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Famous Painters Blogroll

Anguissola, Three Sisters Playing Chess and Phillip II of Spain

Beckmann, Departure; Self-Portrait in Tuxedo; Sinking of Titanic

Bingham, Fur Traders Descending the Missouri

BonheurPlowing in the Nivernais

Bonheur, The Horse Fair

Book of Kells

Bosch, Garden of Earthly Delights

Botticelli Primavera

Caravaggio, Fashion and Art History

CaravaggioConversion of St. Paul

Caravaggio, Young, Sick Bacchus and Basket of Fruit

Caravaggio, Cardsharps and Fortune Teller

Caravaggio, St. Francis of Assisi in Ecstasy

Caravaggio, Taking of Christ (Kiss of Judas)

Caravaggio Paintings at the Villa Borghese

Cave Paintings

Cezanne, Bathers

Cezanne, Card Players

Cezanne, Most Famous Paintings 

Copley, Paul Revere

David, Death of Marat 

David, Death of Socrates

David, Napoleon Crossing the Alps

de Kooning, Retrospective at MoMA (Part I)

de Kooning,Excavation and Painting, 1948 

de KooningWoman I

Delacroix, Liberty Leading the People  

Diebenkorn, The Ocean Park Series

Duccio, Maesta

Duncanson, Robert Seldon.  Art History Welcomes Duncanson 

Durer, The Four Apostles

Dutch Painters at the Frick Collection, 2013-2014 Show

El Greco, Burial of Count Orgaz

FontanaPortrait of a Noblewoman

Frankenthaler, Color Field Painting and Mountains and Sea

Gainsborough, The Blue Boy

Gentileschi, Artemisia.  Judith Beheading Holofernes

Gentileschi, Artemisia.  Self-Portrait as an Allegory of Painting 

Ghent Altarpiece.  

Ghent Altarpiece via zoom

GiorgioneThree Philosophers 

Goya, Family of Charles IV

Goya, The Third of May 1808 

Goya, Duchess of Alba; Saturn Devouring his Son; Two Old Men; Half-Submerged Dog; Black Paintings

Grunewald, Isenheim Altarpiece

Hals, Banquet of the Officers of the St. George Civic Guard

Hals, The Laughing Cavalier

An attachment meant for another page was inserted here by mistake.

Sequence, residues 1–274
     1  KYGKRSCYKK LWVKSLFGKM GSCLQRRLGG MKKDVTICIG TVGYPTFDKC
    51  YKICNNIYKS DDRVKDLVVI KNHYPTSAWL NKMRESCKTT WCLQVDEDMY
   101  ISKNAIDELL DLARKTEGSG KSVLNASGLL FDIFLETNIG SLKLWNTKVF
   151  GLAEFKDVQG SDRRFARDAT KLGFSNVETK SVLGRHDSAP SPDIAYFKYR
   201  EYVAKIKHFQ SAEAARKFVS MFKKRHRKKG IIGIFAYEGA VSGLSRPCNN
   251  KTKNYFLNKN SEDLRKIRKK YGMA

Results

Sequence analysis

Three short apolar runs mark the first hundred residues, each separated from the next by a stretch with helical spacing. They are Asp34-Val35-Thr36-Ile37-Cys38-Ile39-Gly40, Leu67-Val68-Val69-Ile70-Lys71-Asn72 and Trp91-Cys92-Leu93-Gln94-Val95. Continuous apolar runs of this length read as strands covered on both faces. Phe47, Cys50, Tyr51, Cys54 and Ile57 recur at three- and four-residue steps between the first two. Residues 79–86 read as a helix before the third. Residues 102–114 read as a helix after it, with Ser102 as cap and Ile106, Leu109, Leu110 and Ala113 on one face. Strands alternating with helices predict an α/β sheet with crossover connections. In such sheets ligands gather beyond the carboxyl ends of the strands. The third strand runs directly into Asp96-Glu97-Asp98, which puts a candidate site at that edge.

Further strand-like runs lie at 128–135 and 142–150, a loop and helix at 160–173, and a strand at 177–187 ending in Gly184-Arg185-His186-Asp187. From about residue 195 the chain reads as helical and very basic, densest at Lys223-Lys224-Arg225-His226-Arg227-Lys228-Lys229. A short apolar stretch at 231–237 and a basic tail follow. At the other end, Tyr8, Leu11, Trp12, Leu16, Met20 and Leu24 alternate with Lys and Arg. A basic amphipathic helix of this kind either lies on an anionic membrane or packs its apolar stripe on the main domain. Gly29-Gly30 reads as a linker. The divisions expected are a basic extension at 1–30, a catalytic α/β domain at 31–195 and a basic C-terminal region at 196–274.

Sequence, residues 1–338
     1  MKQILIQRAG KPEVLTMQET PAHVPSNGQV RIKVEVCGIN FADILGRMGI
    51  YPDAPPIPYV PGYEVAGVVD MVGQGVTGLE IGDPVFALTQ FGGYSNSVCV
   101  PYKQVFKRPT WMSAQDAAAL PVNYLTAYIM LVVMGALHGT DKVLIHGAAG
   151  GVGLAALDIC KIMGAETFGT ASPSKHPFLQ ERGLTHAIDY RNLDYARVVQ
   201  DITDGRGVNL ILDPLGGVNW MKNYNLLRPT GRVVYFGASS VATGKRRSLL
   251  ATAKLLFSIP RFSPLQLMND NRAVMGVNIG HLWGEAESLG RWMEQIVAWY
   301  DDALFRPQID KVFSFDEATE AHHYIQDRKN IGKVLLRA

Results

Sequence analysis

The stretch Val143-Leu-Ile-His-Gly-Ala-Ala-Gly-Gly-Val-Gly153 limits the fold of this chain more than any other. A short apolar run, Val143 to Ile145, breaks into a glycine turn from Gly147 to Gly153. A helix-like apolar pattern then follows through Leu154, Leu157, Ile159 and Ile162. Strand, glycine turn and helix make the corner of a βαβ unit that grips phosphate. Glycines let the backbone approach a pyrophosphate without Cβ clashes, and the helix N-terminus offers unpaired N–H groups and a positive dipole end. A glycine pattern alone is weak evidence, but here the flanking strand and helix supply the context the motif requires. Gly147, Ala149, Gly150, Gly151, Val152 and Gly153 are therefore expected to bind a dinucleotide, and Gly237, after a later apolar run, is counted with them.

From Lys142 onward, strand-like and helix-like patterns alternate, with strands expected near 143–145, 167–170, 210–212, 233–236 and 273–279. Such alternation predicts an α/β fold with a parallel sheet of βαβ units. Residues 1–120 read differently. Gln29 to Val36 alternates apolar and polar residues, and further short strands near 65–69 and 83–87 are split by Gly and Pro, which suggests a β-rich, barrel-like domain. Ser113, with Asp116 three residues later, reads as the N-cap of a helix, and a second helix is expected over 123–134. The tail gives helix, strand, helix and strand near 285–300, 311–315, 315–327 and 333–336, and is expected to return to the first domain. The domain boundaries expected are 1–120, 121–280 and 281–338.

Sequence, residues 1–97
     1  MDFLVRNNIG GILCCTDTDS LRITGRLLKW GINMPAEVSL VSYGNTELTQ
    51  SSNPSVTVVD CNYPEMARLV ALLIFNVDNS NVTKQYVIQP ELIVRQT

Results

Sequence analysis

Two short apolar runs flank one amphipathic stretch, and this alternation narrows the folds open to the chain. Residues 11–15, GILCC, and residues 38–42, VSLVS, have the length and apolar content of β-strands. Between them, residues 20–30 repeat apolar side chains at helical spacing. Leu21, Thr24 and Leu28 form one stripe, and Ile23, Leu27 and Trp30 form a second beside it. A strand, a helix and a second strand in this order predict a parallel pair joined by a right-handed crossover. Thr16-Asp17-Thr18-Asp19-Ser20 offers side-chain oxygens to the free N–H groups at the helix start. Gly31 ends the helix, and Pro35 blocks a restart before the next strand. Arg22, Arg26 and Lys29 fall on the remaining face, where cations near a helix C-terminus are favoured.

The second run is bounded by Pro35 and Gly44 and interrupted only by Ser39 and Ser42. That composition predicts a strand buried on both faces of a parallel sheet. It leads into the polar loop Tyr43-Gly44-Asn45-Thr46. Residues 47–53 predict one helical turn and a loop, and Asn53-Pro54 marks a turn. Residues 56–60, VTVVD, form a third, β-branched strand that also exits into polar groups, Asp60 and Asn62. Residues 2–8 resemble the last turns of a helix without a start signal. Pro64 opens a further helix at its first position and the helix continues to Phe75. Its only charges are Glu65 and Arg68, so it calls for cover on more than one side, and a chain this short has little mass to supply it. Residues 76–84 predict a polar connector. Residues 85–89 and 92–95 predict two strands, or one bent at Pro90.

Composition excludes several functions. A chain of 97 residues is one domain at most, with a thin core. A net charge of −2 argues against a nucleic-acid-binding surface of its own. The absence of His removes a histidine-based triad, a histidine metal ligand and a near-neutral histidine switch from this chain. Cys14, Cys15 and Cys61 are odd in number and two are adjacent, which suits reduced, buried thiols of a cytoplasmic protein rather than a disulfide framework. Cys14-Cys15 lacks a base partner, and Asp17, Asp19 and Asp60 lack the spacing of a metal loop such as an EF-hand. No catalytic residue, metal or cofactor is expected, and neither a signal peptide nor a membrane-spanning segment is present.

Hals, Regents of St. Elizabeth's Hospital

Hopper, Nighthawks

Ingres, Grande Odalisque and Portrait of Madame Moissetier

Isenheim Altarpiece

Kahlo, Renowned Frida Kahlo Paintings.  

Angelica Kauffmann.  Self-Portrait Torn Between Music and Painting and David Garrick.  

Klimt, The Kiss and Adele Bloch-Bauer

Leonardo, Painter at the Court of Milan, National Gallery, London 

Leonardo, La Bella Principessa 

Leonardo, New Mona Lisa

Leonardo, Benois Madonna and Madonna Litta 

Leonardo, Savior of the World(Salvator Mundi) 

Leonardo, The Virgin and Child with St. Anne

Leyster, Famous Female Painters 

ManetA Bar at the Folies-Bergere

Manet, Luncheon in the Studio

Manet, The Old Musician

Manet, Street Singer

MantegnaDead Christ

Matisse Paintings, In Search of True Painting

Matisse, The DanceThe Music

Matisse, The Cone Collection

Matisse, The Red Studio

Matisse, The Yellow Dress

Michelangelo, Crucifixion with the Madonna

Michelangelo, Famous Paintings

Michelangelo, La Pieta with Two Angels (latest attribution?)

Michelangelo, St. John the Baptist Bearing Witness

Modersohn-Becker, Famous Female Painters

Monet, Waterlilies

Morisot, Famous Paintings

MorisotMore Famous Paintings

Munch, The Scream

O'Keeffe, Jack in the Pulpit

Picasso, Girl Before a Mirror

Picasso, Nude, Green Leaves and Bust

Picasso, Portrait of Gertrude Stein

Picasso, Las Meninas

Piero della Francesca, The Baptism of Christ

Horace Pippin.  Life and Work

Poussin, Assumption of the Virgin

Raphael, Sistine Madonna

Rembrandt, Aristotle with a Bust of Homer 

Rembrandt, Night Watch

Rembrandt paintings at Frick Show

Rembrandt, Self-Portrait at an Early AgeJeremiah Lamenting the Destruction of Jerusalem, The Jewish Bride

Rembrandt, The Syndics of the Amsterdam Drapers' Guild

Rubens, Venus and Adonis

Sanchez Cotan, Spanish Still-life

Sargent, El Jaleo

Sargent, Madame X

Sargent, Smoke of Ambergris

Steen, The Christening Feast 

Steen paintings at Frick Show

Tanner, The Banjo Lesson and The Thankful Poor

Titian, Assumption of the Virgin

Titian, Bacchus and Ariadne

Titian, Man with a Glove

Titian, Nymph and Shepherd, Allegory of Prudence, Jacopa Strada, St. Jerome, Slaying of Marysas

Titian, Rape of Europa

Turner, J. M. W, The Fighting Temeraire

Uccello, Battle of San Romano

van der Weyden, St. Luke Drawing the Virgin

van Eyck, Arnolfini Portrait

van Eyck, Adoration of the Lamb

van Eyck, Ghent Altarpiece